5. April 2013 22:09
On February 26, the Supreme Court heard oral arguments in Maryland v. King, which presents the question of whether the Fourth Amendment permits the warrantless collection of DNA from people arrested for, but not convicted of, a crime. Currently, twenty-eight states and federal law enforcement co... [More]
7. February 2013 22:15
The Supreme Court will revisit the crossroad of privacy and evolving science later this month when it considers whether officials can take the DNA -- without a warrant -- of someone who has been arrested but not convicted of a crime.
While all states require DNA from individuals convi... [More]
12. November 2012 23:50
Maryland's DNA law, which allows police to take samples of suspects' genetic material for possible matches to other crimes, will be reviewed by the U.S. Supreme Court next year, the justices announced Friday.
The law, a signature crime-fighting initiative of Gov. Martin O'Malley, was ... [More]
9. November 2012 21:32
Supreme Court justices are to meet privately Friday to weigh whether they will hear a major genetic-privacy case testing whether authorities may take DNA samples from anybody arrested for a serious crime.
The case has wide-ranging implications, as at least 21 states and the federal go... [More]
7. August 2012 01:04
Earlier this year, Maryland’s highest court held that collection of DNA samples from people arrested but not yet convicted violated the Fourth Amendment’s prohibition against unreasonable searches and seizures. Last week, Chief Justice John Roberts Jr. stayed that ruling while the Supr... [More]
3. August 2012 23:54
Police in Maryland can resume collecting DNA from suspects charged — but not yet convicted — in violent crimes, and the U.S. Supreme Court might be inclined to let them do so permanently.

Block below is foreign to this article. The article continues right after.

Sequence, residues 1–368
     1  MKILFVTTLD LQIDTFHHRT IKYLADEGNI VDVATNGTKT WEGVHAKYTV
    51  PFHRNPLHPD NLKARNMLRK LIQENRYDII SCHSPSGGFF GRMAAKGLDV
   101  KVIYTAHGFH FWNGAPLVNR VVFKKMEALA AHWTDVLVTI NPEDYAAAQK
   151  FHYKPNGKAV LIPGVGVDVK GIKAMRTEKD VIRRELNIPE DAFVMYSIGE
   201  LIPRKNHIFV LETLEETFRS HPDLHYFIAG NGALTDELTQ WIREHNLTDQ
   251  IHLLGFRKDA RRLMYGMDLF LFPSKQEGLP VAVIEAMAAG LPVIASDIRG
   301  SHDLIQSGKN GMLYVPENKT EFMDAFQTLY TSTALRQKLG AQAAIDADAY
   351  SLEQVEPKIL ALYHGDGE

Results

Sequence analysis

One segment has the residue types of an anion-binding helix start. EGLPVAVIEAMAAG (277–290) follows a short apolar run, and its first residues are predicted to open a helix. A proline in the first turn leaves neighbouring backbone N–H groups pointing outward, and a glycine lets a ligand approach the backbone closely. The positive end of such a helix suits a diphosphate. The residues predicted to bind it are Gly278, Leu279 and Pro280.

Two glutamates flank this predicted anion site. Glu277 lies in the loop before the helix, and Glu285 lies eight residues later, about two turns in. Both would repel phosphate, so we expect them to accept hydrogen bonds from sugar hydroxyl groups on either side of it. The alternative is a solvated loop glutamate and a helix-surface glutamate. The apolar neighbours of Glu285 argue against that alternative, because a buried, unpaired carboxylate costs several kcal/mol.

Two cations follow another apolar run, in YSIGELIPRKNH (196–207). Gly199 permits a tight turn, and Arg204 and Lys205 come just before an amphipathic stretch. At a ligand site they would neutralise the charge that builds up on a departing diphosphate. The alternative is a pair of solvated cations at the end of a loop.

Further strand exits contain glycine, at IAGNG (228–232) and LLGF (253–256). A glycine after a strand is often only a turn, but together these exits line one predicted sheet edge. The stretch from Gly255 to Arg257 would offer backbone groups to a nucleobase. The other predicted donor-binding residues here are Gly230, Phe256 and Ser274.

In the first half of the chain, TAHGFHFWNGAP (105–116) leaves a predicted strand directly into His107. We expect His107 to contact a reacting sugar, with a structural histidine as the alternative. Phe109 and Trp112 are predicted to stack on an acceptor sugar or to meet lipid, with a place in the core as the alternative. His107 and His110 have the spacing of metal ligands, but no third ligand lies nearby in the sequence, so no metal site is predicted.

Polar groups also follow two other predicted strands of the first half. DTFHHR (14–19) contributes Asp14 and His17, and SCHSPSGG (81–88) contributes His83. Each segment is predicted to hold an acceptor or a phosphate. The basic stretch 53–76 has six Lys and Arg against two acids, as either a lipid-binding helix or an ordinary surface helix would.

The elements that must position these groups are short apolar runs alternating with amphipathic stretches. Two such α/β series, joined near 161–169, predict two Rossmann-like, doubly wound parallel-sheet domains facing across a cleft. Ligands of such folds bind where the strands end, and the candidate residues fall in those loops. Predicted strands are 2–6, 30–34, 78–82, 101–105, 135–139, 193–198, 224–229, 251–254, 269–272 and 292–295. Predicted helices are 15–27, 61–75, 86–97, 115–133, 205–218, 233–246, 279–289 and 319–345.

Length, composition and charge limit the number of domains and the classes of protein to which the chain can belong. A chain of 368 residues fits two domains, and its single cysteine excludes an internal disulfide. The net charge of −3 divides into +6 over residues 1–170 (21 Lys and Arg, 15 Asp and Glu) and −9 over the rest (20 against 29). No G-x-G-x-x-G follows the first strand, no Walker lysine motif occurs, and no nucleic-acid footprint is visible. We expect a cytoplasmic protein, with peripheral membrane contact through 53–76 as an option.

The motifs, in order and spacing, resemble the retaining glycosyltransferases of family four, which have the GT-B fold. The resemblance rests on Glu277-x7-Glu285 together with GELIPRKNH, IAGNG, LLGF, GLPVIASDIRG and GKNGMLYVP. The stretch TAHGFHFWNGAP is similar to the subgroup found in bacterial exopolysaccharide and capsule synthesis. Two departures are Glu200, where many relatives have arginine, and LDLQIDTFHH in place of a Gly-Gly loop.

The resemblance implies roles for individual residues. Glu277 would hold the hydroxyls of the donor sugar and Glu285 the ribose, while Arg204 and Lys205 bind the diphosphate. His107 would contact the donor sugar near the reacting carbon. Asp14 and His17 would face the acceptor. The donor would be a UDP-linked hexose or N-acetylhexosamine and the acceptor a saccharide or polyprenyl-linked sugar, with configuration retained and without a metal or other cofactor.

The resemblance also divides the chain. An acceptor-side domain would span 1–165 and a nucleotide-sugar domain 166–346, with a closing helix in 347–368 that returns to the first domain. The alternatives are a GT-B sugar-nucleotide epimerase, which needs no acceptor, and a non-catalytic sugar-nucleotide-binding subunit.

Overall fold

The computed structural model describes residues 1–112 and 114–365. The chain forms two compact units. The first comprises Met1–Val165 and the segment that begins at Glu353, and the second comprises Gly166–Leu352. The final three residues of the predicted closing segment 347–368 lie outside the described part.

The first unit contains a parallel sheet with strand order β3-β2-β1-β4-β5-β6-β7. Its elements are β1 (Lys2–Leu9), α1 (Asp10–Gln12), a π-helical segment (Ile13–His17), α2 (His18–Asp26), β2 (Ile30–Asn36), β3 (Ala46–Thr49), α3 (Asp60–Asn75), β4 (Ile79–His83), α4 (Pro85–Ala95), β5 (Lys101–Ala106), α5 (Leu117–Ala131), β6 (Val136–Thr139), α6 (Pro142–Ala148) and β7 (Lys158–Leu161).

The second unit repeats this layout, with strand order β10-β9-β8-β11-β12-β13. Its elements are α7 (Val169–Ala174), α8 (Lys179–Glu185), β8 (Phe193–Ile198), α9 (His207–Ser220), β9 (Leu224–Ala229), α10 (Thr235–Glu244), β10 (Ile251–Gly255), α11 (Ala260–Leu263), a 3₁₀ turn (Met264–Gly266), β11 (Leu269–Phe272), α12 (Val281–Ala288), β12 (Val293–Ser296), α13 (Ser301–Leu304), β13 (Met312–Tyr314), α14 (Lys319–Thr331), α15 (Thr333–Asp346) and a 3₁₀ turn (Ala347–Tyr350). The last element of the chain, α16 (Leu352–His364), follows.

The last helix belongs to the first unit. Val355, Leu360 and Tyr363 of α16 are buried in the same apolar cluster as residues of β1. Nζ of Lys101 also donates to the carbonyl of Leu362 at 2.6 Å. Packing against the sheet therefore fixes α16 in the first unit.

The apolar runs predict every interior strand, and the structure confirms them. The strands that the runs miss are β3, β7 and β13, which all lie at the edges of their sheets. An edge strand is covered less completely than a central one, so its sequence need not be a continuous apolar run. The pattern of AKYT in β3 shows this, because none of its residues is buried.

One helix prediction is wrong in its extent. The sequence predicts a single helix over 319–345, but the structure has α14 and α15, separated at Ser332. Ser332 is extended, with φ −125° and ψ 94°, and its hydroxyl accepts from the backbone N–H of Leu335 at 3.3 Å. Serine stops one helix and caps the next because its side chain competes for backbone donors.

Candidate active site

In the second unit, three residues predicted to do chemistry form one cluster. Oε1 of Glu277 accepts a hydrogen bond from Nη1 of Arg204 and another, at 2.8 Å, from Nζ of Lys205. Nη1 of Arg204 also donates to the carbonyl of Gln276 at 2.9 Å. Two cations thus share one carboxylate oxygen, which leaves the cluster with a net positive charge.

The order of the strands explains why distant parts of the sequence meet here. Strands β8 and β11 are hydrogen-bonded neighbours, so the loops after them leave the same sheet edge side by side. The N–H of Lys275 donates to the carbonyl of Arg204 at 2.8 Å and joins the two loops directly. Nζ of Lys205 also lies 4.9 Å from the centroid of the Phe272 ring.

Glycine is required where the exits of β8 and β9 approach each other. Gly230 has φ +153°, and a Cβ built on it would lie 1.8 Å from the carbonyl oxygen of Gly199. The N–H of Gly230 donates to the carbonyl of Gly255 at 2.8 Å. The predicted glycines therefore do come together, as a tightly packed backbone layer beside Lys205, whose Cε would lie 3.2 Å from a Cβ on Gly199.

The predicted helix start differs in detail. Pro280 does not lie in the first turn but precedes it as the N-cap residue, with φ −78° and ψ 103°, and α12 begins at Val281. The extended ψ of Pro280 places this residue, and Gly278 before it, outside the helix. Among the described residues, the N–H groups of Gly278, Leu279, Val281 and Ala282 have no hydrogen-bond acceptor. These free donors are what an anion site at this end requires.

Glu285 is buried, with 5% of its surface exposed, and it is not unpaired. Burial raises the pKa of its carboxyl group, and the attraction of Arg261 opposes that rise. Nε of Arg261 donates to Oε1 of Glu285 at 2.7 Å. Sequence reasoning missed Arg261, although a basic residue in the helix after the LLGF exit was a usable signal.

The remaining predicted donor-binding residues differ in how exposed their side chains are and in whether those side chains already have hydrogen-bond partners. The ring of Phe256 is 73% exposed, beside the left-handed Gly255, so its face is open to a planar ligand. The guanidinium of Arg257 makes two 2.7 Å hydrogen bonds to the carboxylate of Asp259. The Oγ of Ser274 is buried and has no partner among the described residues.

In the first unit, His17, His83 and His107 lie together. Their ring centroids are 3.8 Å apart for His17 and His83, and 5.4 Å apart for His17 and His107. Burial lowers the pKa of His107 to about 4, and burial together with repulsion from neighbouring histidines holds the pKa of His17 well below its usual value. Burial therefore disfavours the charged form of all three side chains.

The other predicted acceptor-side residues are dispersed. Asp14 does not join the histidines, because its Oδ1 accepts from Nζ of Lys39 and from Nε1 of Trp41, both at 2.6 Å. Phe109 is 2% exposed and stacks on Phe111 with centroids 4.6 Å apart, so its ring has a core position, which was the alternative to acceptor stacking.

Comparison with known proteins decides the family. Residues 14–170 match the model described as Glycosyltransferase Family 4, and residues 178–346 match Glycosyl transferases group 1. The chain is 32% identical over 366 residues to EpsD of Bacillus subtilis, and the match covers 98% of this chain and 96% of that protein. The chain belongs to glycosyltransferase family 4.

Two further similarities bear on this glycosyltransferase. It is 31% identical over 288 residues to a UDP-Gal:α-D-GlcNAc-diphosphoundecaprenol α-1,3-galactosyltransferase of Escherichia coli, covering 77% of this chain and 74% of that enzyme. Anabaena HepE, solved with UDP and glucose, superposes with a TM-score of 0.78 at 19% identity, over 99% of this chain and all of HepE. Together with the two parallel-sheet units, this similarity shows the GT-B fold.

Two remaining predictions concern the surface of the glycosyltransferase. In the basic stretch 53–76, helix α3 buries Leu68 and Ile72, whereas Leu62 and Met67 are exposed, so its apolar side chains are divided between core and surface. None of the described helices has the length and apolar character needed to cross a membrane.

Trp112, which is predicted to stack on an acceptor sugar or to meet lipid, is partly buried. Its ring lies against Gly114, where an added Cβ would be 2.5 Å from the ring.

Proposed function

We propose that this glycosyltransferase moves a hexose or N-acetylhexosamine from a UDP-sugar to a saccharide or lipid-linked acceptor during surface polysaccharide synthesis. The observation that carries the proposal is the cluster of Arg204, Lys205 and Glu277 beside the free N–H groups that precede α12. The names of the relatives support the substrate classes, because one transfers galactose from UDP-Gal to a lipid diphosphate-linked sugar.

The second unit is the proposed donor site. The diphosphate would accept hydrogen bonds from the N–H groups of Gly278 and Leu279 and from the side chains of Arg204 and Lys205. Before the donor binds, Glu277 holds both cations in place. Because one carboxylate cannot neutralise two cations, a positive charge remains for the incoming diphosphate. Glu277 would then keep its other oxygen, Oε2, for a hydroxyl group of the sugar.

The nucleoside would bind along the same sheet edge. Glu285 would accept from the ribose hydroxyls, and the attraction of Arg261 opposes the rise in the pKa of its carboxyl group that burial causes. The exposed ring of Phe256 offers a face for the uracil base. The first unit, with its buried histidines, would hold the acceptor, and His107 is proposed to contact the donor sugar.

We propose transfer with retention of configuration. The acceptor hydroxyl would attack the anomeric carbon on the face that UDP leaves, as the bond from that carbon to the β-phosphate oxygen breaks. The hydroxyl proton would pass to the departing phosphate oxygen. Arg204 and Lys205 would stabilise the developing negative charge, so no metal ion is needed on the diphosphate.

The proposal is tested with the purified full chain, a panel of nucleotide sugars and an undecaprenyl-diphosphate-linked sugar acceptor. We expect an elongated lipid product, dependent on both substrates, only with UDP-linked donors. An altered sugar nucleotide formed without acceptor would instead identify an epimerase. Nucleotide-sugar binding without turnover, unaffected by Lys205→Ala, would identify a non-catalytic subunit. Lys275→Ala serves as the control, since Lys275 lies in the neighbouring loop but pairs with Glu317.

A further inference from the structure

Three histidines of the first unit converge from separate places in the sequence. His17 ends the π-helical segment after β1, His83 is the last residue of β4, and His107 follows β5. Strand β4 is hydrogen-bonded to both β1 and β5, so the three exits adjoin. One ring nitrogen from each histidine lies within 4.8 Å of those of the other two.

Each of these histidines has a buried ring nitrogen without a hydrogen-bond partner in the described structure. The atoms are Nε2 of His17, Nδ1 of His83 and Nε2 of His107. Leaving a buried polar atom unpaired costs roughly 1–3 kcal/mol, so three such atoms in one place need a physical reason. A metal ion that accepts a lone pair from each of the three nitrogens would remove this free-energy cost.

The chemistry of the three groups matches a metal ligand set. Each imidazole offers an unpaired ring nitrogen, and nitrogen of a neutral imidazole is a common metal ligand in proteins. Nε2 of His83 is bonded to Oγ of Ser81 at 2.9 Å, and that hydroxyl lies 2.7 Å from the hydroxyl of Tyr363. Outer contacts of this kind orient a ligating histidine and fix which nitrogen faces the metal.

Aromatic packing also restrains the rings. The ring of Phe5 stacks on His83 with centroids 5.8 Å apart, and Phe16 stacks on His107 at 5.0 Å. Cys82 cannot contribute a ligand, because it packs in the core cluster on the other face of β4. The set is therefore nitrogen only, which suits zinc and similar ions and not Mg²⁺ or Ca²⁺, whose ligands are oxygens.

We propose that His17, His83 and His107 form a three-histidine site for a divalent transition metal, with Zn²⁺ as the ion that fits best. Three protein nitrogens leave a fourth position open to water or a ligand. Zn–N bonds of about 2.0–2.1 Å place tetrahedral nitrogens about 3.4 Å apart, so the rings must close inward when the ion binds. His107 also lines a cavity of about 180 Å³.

U.S. Chief Justice John G. Roberts Jr. issued an opinion Monday saying there is a “... [More]
1. August 2012 23:39
The Supreme Court signaled on Monday that it may review whether law enforcement officials may collect DNA samples from people who have been accused, but not convicted, of serious crimes.
Chief Justice John Roberts put on hold an April 24 decision by a divided Maryland Court of Appeals overturning... [More]
20. July 2012 00:02
The U.S. Supreme Court has put on hold — at least for a week — a ruling by Maryland’s highest court that prohibits DNA collection from suspects charged but not yet convicted in violent crimes.
Maryland Attorney General Douglas Gansler had asked the nation’s hig... [More]
4. May 2012 23:35
The state has overemphasized collecting DNA samples from those arrested for crimes of violence to solve cases while not putting enough resources into gathering forensic evidence at crime scenes, according to an official with the Maryland Public Defender’s Office.
State officials are mak... [More]